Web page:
Typical product development pitfalls and how to avoid them

Written by Robert Cassey, Head of Product Development, 28 October 2019

Earlier this year, Robert Cassey, Head of Product Development, attended a Machine Intelligence Garage course on product development as part of our award of £100,000 AWS credits, and membership of the Digital Catapult incubator. He went to London along with a dozen other top UK start-ups for a day of exercises that highlighted the complexities and pitfalls of product development. In this blog post, he shares what he learnt.

It can be tempting to rush into building a product but be warned, too many projects (and start-ups) fail because the core problem at hand wasn’t properly approached. A lot of the mistakes highlighted by Digital Catapult mirrored my own experience with building’s products. Through hard-learned lessons, we’ve found we can execute an intelligent and consistent process of development by sticking to a few basic principles.

Typical product development pitfalls and how to avoid them


1.  Have a clear and focused objective

In the 1990s search engines were contesting for the top spot. Google focused solely on their search with a clean and focused interface, meanwhile, Yahoo muddied the water with content aggregation, news, and weather. This seemingly harmless decision resulted in a userbase less inclined to use their search. After all, Yahoo’s core product came across as fragmented and unfocused. Not a problem for Google in the 1990s.


Google and Yahoo historic sites

In the 1990s battle of search engines, less was more. Image source: Yahoo’s 1990s homepage and Google’s 1990s homepage.

Our primary aim at is to use our AI technology to source the world’s leading specialists and connect them with customers who need their insight. So, to avoid being the Yahoo in this scenario, every time we think of adding new features or making any changes, we ask ourselves whether they’ll help us achieve this aim better. If they don’t, they don’t make it into the product development pipeline. 


2.  Iterate and iterate often

Initially, started with the premise of a self-sign up expert network where key opinion leaders (KOLs) would identify their area of expertise and get funnelled to our customers. Pain points were quickly identified. We had a ‘chicken or the egg’ problem wherein we needed experts to sign themselves up before our customers would consider using our platform, and no expert was going to sign up without the customers to pay them. Furthermore, it transpired more valuable experts, who were worth speaking to, were less inclined to sign themselves up to our platform. Conversely, less knowledgeable experts were signing up in abundance.

It may never feel like a win to go back to the drawing board, but sometimes it’s necessary. It’s easier to swallow the pill of two months of lost work than two years of bad work. For us, a process of iteration and problem solving commenced. We couldn’t rely on self-proclaimed experts, and we needed a way to deliver a global network of experts to our clients. Through a process of iterative evolution, we found directions and approaches that weren’t obvious before and today our AI-driven solution to knowledge exchange is unrecognisably more powerful than what it once was.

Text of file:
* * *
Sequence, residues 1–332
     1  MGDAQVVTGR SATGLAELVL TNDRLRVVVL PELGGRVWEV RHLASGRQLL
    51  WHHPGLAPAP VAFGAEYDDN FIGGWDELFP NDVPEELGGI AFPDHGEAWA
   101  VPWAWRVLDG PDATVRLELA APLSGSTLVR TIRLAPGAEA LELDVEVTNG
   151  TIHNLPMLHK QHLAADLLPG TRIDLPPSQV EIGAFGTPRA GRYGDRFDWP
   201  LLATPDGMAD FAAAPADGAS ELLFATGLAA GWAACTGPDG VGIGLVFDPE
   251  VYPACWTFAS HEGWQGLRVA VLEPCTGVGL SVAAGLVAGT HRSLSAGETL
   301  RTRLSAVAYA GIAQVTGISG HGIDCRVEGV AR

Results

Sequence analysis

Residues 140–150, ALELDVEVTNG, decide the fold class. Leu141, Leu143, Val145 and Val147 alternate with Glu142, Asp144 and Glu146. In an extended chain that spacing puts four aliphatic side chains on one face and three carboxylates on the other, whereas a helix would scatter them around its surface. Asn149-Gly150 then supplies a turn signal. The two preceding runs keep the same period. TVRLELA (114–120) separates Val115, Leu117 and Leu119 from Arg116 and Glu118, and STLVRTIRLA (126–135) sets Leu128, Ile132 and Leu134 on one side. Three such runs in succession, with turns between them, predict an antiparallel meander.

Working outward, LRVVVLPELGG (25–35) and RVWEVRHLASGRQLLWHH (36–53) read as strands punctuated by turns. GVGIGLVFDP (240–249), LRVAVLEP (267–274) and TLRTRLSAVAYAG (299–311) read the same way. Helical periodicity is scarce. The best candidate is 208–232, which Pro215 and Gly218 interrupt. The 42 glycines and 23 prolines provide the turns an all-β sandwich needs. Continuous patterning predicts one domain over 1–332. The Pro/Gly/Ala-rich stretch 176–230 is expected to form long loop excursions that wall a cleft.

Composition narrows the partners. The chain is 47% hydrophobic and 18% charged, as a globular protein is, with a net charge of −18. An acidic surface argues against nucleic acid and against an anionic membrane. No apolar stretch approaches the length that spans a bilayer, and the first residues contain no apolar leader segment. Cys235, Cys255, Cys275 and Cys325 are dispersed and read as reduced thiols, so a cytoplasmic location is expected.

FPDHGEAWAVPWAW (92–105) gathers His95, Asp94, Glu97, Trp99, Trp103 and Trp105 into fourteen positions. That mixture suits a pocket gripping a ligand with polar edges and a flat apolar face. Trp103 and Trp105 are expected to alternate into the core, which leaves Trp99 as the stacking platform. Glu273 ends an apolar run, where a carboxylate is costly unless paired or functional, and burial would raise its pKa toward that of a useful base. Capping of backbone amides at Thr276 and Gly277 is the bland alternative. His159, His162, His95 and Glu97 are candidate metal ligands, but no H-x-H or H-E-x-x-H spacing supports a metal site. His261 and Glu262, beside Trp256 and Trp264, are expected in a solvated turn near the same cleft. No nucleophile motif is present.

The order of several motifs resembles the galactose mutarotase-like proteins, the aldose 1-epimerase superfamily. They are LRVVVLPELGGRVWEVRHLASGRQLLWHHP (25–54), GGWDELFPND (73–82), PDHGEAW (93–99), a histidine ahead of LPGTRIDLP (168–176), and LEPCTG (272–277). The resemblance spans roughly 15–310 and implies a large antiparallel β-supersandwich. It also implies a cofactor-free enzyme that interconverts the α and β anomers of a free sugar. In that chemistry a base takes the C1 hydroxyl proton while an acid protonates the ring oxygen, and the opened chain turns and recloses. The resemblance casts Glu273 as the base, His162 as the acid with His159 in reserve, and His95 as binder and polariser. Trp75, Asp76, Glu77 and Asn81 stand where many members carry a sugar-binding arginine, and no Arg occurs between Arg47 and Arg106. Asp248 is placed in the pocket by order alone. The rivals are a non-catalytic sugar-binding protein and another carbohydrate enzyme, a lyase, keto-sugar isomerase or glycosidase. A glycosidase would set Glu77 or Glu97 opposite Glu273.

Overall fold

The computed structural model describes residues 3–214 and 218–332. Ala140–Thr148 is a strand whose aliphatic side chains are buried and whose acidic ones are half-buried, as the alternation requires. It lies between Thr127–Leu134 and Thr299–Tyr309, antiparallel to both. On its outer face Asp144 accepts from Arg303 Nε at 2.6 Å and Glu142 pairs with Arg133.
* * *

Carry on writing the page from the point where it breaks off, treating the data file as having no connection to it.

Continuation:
A comparison of the Biotechspert and websites

The evolution from Biotechspert to 


3.  Find the right balance between process and progress

At we have something of an evolving relationship with development processes. Too much or too little can slow your team and jeopardise output. Small, fast-moving teams need to land on something of a Goldilocks Zone. The specifics of which don’t matter. It’s simply best to acknowledge that what’s considered best practice isn’t always right in every situation. We use a set of processes and procedures that fit our needs. As we grow, our needs will change and so too must our processes.


4.  Allow (plenty) time for feedback and testing

If you’re doing things right, then testing should be an implicit process that runs in tandem with your regular development. We’ve found by isolating each new feature our team works on, we’re able to quarantine any potential new issues, identify and rectify them before they’re merged into our wider project.

On the other hand, gathering feedback needs to be an active process. At we’ve started a process of internal and external feedback for new features. First, we ensure everything we build meets our internal standards. We then introduce our new features to an external perspective by encouraging a few initial customers eager to interact with our latest tech to test the water first. We’ve found this measured approach to be the best way for us to constantly push boundaries with our AI platform.


So, there you have it, my take on four common product development pitfalls and how has learnt to avoid them. That said, the product development process will always have its hiccups, that’s the nature of the beast and that’s why we love it, right?


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Topics: Best practice